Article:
Rally replicas of the desert kings, the Honda Africa Twin in a used battle with the Yamaha Super Ténéré
For some time prior to 1989, BMW had been trying to convince us that an alternative new world of travel adventure awaited the emboldened motorcyclist, and not without success. But it was the Japanese that caught our eye and opened up this market to the masses, creating instant Euro hits with their rally replicas, and a modish convention that would provide a long-term shot in the arm for the global motorcycle industry.
With a well-deserved smirk, it is ironically and deservedly the Germans who not only dominate the adventure market, but whose letters G and S are so utterly synonymous with it. They persisted with their awkward, yet charming, desert crossing contraptions, beating the world into submission with endlessly heavier and more intimidating Tonka toys until we eventually gave in and saw the light. This was of course combined with the PR masterstroke of the century, enabling BMW to sit back on top of the sales charts and count the cash accrued from patronizing two charming yet hopeless luvvies on their very first Adventure adventure.
That is now, but two decades earlier the Japanese had only just managed to flick the switch with their designer twins – a whole decade after Yamaha had romped off with the maiden Paris – Dakar trophy, the very event that unwittingly inspired the replicas, the fashion (or should I say uniform), the tourism and the biking way of life that so many of us subscribe to today. It wasn’t until early 1990 that both models were easily available, but the gloves were off in ’89. As far as the motorcycling hoi polloi are concerned, the true dominance of the Dakar remains largely unknown. Most bikey folk if prodded, would claim that KTM or BMW have the fattest trophy cabinet, but in fact Yamaha surprisingly have bragging rights with 9 victories out of 29, versus (in fourth place) Honda’s five. Also interesting is the fact that Honda dominated the event in the late ‘80’s and therefore produced a true race replica with their Africa Twin, while Yamaha didn’t start collecting two cylinder victories until after their replica had been prowling the streets of Europe for a couple of years.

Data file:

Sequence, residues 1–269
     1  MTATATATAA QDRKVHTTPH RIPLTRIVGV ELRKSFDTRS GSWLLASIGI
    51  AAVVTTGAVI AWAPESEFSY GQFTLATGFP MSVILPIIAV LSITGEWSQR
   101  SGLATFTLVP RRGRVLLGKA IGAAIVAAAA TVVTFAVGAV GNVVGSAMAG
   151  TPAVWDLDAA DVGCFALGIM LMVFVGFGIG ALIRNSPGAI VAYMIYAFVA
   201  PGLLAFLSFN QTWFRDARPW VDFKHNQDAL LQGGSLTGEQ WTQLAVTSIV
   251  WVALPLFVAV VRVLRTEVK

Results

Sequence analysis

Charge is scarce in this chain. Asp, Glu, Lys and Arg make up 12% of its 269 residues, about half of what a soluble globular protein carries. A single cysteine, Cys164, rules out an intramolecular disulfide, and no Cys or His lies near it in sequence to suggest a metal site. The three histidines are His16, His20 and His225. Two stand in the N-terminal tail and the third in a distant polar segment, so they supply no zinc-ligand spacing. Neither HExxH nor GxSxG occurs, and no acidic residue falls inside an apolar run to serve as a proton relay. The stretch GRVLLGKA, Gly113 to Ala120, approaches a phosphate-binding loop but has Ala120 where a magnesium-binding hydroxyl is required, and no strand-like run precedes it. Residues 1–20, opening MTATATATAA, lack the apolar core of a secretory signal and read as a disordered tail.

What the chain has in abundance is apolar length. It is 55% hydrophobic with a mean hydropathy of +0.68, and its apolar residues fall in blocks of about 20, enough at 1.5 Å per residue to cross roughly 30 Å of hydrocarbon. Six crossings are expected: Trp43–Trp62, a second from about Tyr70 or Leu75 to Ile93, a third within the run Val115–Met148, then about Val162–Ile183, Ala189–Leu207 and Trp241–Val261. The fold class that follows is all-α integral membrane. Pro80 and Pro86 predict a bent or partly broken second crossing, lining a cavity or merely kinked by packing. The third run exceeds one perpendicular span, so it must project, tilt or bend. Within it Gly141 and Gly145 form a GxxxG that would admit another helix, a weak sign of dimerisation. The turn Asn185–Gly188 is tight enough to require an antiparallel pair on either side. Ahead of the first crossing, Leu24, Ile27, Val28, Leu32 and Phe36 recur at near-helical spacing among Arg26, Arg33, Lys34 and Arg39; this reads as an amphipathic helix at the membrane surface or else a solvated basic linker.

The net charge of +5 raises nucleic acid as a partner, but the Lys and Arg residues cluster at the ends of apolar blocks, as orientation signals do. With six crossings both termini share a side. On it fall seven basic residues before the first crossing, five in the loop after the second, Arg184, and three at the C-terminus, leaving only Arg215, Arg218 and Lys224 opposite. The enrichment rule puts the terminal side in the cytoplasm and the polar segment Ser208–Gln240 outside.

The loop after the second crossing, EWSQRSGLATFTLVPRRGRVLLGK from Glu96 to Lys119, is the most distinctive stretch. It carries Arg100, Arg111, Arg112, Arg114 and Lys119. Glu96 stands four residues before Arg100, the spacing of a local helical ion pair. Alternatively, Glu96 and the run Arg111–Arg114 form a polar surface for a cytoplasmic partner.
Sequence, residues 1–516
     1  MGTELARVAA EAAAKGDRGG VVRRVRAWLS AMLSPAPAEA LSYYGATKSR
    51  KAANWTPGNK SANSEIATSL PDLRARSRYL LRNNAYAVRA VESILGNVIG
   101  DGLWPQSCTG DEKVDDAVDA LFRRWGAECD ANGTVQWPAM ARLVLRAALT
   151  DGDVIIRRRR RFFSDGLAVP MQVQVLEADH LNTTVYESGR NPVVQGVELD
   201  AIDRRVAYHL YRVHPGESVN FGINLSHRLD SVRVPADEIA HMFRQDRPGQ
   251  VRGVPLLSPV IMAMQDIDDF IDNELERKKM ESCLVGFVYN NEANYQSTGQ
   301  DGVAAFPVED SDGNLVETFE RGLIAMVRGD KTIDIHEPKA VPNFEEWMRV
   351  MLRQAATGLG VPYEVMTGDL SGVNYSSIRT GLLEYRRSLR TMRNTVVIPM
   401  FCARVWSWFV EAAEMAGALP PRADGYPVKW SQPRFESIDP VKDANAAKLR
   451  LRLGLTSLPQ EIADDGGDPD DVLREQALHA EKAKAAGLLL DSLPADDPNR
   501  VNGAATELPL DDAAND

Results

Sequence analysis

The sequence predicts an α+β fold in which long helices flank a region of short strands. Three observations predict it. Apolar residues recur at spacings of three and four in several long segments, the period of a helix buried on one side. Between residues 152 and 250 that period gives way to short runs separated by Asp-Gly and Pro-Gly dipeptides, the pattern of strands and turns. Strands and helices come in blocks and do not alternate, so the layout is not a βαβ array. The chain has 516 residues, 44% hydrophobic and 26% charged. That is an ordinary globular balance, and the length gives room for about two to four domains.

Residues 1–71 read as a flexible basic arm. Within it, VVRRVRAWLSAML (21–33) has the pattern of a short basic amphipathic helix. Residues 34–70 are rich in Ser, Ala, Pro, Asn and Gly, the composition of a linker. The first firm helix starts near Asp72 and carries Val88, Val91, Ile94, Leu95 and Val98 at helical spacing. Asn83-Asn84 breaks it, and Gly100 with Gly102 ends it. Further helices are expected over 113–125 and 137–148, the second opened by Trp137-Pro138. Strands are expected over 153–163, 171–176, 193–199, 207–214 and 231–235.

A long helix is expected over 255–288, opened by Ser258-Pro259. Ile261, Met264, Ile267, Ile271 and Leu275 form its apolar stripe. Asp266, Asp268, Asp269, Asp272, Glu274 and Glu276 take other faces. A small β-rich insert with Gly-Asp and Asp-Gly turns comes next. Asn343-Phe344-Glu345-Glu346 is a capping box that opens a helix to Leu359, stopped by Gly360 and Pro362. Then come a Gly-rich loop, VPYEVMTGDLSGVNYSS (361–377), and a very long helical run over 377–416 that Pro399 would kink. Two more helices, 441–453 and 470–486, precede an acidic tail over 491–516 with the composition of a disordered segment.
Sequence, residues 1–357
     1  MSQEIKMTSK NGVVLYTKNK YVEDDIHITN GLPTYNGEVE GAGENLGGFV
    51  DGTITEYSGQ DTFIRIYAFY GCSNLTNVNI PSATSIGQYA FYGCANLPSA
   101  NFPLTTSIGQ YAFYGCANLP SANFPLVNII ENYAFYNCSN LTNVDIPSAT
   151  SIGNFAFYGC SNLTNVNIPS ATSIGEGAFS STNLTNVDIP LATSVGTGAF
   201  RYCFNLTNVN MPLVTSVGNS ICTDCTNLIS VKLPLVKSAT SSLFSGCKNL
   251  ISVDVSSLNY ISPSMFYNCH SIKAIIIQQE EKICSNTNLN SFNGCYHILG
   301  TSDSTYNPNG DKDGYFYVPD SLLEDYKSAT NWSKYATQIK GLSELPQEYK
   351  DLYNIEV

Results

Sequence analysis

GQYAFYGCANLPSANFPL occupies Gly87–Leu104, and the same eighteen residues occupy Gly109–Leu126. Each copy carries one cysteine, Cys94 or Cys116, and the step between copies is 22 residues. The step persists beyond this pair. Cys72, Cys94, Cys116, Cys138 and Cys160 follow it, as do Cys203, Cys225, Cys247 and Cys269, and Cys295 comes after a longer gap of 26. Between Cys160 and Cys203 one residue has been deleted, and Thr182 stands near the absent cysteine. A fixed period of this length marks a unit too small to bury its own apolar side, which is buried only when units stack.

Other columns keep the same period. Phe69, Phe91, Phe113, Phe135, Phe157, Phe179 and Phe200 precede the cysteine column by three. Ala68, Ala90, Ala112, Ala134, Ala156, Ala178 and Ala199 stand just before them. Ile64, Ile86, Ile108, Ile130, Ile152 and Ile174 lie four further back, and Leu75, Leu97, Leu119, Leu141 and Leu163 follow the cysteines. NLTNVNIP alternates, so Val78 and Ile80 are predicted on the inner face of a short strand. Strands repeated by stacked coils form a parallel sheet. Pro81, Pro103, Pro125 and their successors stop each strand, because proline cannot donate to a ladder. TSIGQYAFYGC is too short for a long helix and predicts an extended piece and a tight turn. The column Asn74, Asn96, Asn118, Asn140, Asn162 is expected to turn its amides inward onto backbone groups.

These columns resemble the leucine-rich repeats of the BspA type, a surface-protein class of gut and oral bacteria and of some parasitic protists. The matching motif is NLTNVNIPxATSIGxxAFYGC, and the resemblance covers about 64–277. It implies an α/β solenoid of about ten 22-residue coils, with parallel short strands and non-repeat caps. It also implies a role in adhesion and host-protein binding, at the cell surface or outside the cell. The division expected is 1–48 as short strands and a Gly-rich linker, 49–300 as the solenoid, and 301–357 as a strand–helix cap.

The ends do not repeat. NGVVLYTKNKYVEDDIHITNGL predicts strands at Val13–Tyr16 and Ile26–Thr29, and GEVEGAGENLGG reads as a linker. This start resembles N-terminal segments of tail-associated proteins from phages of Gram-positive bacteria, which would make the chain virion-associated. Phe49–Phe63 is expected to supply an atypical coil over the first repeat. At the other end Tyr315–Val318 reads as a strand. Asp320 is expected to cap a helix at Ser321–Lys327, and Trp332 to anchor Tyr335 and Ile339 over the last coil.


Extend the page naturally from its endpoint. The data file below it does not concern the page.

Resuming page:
As is often the case, the Brits were a little slow to catch on to a scene that was already in full swing across the water, with a steady flow of Dakar wannabees gliding through the streets of Paris and Milan. That was then, but we now are a nation fully immersed in the Adventure Sport dream with a home market showing its greatest, and almost only, growth in that same segment.
So the scene is set for a showdown between two extremely significant trailblazers of yesteryear. The Twinkie remains a much-loved troubadour, with the Super 10 long gone but not forgotten. Honda’s XRV750 hit the streets a year before the Yam back in ’88 but stayed in production with little more than a regular change of stickers for an impressive 15 years. Disappointingly, the Yamaha just about managed a feeble six in comparison despite its slightly more technical and aggressive prowess. It still seems odd that neither manufacturer chose to develop what were accomplished machines that could easily have had improved power and chassis’. Yet much to our dismay, we were fobbed off with the TDM and Varadero as more street focused replacements when all we needed was an extra third in all departments. Getting it the wrong way round led to the long way down in many respects as sales were duly lapped up by the more focused and committed BMW, and the latterly flamboyant KTM.
Perhaps it’s relevant to point out, as I’m reminded having just clambered aboard, that maybe we were seduced by the Adventure image but panicked at the final hurdle - the realities of a 86cm (87cm on the Yam) seat height. These boys were certainly attractive to many but must have eliminated several potential customers who dithered and froze at the prospect of embarrassing low-level off-road incidents.
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